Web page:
9. Incubate the gel in developing solution until protein bands become visible (1–10 min).
  10. Stop development by incubating the gel for 5 min in 100 ml of 15% (v/v) acetic acid.
  11. Wash the gel twice with 100 ml of deionized water.

● TIMING

The protein complex purification protocol (Steps 2–20) can be completed in 1 day.

Step 1: growing HeLa cells, about 3 days

Steps 2 and 3: harvesting HeLa cells, 2 h

Steps 4–20: protein complex purification, 11 h

Step 20A(i)–(vi): tryptic digest, 1.5 days

Step 20A(vii) and (viii): nano HPLC and MS, 5 h

Step 20A(ix): database search, 4 h

Step 20B: SDS-PAGE and silver staining, 3 h

? TROUBLESHOOTING

Troubleshooting advice can be found in Table 3.

ANTICIPATED RESULTS

We developed this TAP protocol to optimize purification of proteins associated with mammalian Sgo115. Although each protein has unique properties, we believe that our TAP protocol should be applicable to other proteins. However, the functionality test of TAP-tagged murine transgenes is limited to those where human homologs can be identified. In some cases, artifactual binding partners may be identified owing to differences between human and mouse proteins. Although the conventional TAP tag has proven to be a very useful tool for protein complex purification, alternative affinity binding moieties are now available that may provide higher protein complex yield or allow for both protein isolation and live imaging of protein localization6,23.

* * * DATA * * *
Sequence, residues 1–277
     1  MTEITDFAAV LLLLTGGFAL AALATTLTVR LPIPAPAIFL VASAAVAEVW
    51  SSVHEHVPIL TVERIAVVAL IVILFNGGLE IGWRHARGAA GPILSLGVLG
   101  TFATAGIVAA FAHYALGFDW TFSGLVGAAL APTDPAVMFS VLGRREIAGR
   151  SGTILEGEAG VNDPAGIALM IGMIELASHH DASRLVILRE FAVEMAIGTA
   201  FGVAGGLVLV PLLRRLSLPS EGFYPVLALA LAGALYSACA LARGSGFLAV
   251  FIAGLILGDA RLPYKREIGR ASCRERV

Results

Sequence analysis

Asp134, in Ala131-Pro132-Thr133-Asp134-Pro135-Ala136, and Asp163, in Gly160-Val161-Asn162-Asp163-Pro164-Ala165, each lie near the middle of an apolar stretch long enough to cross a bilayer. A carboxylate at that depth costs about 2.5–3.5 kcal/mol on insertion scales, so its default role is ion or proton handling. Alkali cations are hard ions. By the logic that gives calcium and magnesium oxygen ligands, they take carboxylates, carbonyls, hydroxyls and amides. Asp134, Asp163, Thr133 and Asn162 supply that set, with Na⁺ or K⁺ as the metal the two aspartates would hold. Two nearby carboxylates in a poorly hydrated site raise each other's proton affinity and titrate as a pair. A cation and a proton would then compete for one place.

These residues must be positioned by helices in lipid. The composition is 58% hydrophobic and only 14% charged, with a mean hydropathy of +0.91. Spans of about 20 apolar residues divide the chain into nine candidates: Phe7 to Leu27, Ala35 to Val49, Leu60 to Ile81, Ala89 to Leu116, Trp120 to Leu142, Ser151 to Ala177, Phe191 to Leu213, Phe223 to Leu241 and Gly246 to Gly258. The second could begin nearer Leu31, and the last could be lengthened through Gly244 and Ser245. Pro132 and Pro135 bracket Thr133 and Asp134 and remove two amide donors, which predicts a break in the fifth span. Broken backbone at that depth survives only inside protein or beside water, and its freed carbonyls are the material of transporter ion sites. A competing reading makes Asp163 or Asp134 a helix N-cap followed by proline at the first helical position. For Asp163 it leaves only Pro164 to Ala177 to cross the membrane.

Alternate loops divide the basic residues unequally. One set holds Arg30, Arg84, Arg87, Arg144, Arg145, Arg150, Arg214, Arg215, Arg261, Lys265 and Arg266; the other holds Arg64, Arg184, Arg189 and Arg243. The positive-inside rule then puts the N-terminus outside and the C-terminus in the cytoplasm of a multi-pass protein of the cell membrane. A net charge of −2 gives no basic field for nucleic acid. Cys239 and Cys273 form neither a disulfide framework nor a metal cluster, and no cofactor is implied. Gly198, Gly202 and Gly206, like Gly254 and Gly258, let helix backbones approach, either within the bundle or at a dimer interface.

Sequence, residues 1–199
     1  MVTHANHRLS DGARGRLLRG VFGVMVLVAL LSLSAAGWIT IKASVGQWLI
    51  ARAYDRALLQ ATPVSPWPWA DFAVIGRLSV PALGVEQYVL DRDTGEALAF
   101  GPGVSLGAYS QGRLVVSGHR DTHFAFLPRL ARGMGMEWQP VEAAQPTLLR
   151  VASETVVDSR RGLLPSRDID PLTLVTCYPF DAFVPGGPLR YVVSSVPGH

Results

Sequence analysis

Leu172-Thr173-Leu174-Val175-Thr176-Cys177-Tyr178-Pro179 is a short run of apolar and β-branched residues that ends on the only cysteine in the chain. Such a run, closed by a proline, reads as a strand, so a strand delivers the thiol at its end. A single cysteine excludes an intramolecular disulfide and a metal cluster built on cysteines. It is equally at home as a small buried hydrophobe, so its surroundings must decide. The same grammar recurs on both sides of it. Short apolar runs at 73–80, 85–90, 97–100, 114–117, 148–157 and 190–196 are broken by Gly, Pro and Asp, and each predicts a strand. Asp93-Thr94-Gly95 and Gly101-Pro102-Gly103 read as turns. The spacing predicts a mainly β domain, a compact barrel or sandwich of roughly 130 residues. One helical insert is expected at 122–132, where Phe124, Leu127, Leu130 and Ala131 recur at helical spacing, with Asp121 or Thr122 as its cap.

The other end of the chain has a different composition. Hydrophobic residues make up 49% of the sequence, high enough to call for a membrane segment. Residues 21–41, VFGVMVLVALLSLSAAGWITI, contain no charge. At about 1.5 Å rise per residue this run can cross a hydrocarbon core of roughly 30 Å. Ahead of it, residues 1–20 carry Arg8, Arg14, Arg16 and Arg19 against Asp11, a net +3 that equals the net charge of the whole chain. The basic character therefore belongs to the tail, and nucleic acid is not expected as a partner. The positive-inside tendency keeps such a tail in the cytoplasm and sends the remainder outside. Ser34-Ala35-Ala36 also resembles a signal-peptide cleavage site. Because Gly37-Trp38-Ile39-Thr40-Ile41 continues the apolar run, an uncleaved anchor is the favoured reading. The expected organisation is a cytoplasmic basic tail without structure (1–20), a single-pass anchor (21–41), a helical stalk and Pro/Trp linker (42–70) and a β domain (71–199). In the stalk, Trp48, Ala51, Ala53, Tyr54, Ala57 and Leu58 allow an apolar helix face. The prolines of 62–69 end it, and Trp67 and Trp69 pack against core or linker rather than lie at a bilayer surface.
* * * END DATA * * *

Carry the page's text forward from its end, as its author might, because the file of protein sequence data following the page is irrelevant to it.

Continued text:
TABLE 3
Troubleshooting table.

ACKNOWLEDGMENTS

This work was supported by Boehringer Ingelheim and Austrian Science Fund (P18955-B03). Work in the Mechtler lab was supported by the Austrian Proteomics Platform (APP) within the Austrian Genome Program (GEN-AU) and by the Mitocheck project within the Sixth Framework Program of the European Commission. J.G. was a recipient of the EMBO long-term fellowship. We thank Tony Hyman for the gift of the TAP tagging cassette, and Laurence Pelletier and Ralf Kittler for help with Sgo1 tagging. We also thank members of Karl Mechtler lab for help with MS analysis and Jan Michael Peters and members of his lab for helpful discussions.

Footnotes

COMPETING INTERESTS STATEMENT The authors declare no competing financial interests.

Rights and permissions information is available online at http://npg.nature.com/reprintsandpermissions